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Quote:
Originally Posted by N.B. Forrest /forum/post/18206604


I saw this issue addressed elsewhere without a consensus: Will this film play on my BDPS350?

I had never heard of this film, so I searched Amazon.com. They claim it is an all-region BD (imported) with PAL-encoded extras: so the main feature will play on your player, but the extras (encoded in PAL DVD format) will not.


AFAIK, YMMV, I read it on the internet so it must be true...


shinksma
 

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I imported this title from amazon.uk.com. It will play on North American blu ray players (the feature). An above average movie as well.
 

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Discussion Starter · #4 ·

Quote:
Originally Posted by Rach /forum/post/18209311


I imported this title from amazon.uk.com. It will play on North American blu ray players (the feature). An above average movie as well.

Thanks for the confirmation. I had heard about this film in glowing terms from other BD sites but the compatibility issue never seemed resolved. And since I'm interested only in the film and not the extras it seems ok to get.
 

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For those of you set up for Netflix instant streaming, this movie is available in 720p HD and 2.35:1 OAR. It's likely no match for Blu-Ray, but it is free with most Netflix subscriptions.
 

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Discussion Starter · #7 ·

Quote:
Originally Posted by Phantom Stranger /forum/post/18222281


Detailed impressions of this import by me are probably coming in the next week, for what it is worth.

We ALWAYS seek the benefit of your analysis, o wise & noble PS!
 

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Some thoughts on the picture quality intended for the PQ Tier Thread...

Flame And Citron (UK import)


recommendation: Tier 1.75



An entertaining movie from 2008 about the Danish Resistance in World War II in the vein of Inglourious Basterds, the British distributor Metrodome gave Flame & Citron a region-free Blu-ray release on June 29, 2009. The 135-minute film is encoded in AVC on a BD-25. BDInfo calculates the average video bitrate as 17.97 Mbps. Two significant problems prevent me from ranking the BD higher in tier one, where it probably belongs. It still easily qualifies for inclusion at the bottom of tier one with them, and less picky viewers might be inclined for a slightly higher placement.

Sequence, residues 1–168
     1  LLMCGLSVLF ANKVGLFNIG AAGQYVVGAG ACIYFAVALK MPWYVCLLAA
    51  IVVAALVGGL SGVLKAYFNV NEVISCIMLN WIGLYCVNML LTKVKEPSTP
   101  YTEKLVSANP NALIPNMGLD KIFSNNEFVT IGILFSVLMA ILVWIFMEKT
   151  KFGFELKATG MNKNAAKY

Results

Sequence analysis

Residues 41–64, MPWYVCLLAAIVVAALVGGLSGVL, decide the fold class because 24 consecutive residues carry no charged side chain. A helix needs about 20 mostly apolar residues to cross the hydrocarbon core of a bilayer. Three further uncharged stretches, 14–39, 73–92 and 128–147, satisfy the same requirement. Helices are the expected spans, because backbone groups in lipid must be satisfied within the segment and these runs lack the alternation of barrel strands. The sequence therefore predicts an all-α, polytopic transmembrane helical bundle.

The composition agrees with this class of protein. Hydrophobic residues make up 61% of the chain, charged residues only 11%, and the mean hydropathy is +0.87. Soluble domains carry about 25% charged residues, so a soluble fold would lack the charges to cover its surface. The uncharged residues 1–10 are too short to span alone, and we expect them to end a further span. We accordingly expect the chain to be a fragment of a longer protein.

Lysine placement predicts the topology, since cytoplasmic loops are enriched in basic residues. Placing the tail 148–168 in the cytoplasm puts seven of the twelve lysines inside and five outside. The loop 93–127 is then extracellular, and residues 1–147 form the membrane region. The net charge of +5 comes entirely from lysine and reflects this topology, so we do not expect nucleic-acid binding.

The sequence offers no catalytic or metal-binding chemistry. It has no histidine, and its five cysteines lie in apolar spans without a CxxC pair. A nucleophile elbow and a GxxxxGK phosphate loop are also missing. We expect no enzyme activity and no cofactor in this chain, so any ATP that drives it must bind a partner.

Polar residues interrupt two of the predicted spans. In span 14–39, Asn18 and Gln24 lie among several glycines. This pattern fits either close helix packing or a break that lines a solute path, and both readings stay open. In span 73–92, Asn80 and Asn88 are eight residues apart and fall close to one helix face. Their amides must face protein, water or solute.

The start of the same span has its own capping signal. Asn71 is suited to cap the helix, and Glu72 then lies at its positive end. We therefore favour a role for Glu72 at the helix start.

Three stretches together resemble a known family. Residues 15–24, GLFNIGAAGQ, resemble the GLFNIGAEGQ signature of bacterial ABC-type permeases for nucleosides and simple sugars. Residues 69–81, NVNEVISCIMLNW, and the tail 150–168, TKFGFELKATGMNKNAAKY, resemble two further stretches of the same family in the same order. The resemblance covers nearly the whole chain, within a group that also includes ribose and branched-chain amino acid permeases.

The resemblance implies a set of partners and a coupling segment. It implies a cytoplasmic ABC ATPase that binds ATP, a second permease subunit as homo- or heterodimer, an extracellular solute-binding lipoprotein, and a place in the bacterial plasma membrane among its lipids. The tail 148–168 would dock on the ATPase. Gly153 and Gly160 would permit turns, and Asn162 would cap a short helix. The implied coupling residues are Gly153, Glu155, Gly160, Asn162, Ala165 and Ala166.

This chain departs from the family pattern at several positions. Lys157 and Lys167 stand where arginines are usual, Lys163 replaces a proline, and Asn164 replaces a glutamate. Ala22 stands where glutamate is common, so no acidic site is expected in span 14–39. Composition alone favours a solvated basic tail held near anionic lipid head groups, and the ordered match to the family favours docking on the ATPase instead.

The first significant problem which lowers my assessment of the picture quality is the inadequate compression, which produces visible posterization in multiple scenes. Fitting a movie of this length, on a BD-25, was a disastrous decision by Metrodome. The only thing that mitigates the problem is the relative lack of grain for a movie shot on film. The best detail in shadows and darkened scenes are affected, to a minor degree. There are no major instances of macroblocking, but several instances of noise in the transitions between lighted and dark shots are apparent. But the vast majority of the movie is well-lit, and high-frequency information is not affected at all in those scenes. The compression is really the lesser of two evils in the transfer, as it only visibly affects a handful of frames.


The master used for this BD shows absolutely no sign of detail-robbing post-processing, like the use of digital noise reduction. Production standards look very high and indistinguishable from any big-budget Hollywood production, which leads to a level of astonishing clarity in most scenes. But the transfer does not escape from the negatives of edge enhancement. The persistent ringing produces intrusive halos throughout much of the movie. That is the main reason for this fine-looking Blu-ray to be placed a fair distance from where it rightfully should sit in the tiers. A touch of aliasing is also evident in spots.


Contrast is impeccable in a film that favors the darker shades of blue and gray on the streets of Copenhagen. The image is razor-sharp and demonstrates incredible amounts of detail and definition. It has an appreciable sense of dimensionality and pop, though not in comparison to the best Blu-rays. Many of the close-ups are worthy of being called reference-caliber in the general clarity and resolution frequently shown. Flesh-tones are pleasingly natural and neutral in color. As briefly mentioned before, shadows are not finely resolved as the better examples in tier one. Black levels display consistency in their dark uniformity and are generally as inky as each scene demands. Much of the picture quality recalls the best-looking scenes from Public Enemies for some reason in my mind. The period setting of the film possibly gave me that idea.


At first my inclination was to rank Flame & Citron in the middle of tier one. A majority of the movie probably deserves that assessment for its excellence. The thick ringing at times degraded the pristine picture enough to lower my final score to the bottom quarter of tier one. It still pleases the eye though, and many viewers are likely to overlook the halos.


Watching on a 60” Pioneer KURO plasma at 1080p/24, fed by a 60 GB PS3 (firmware 3.15) from a viewing distance of six feet.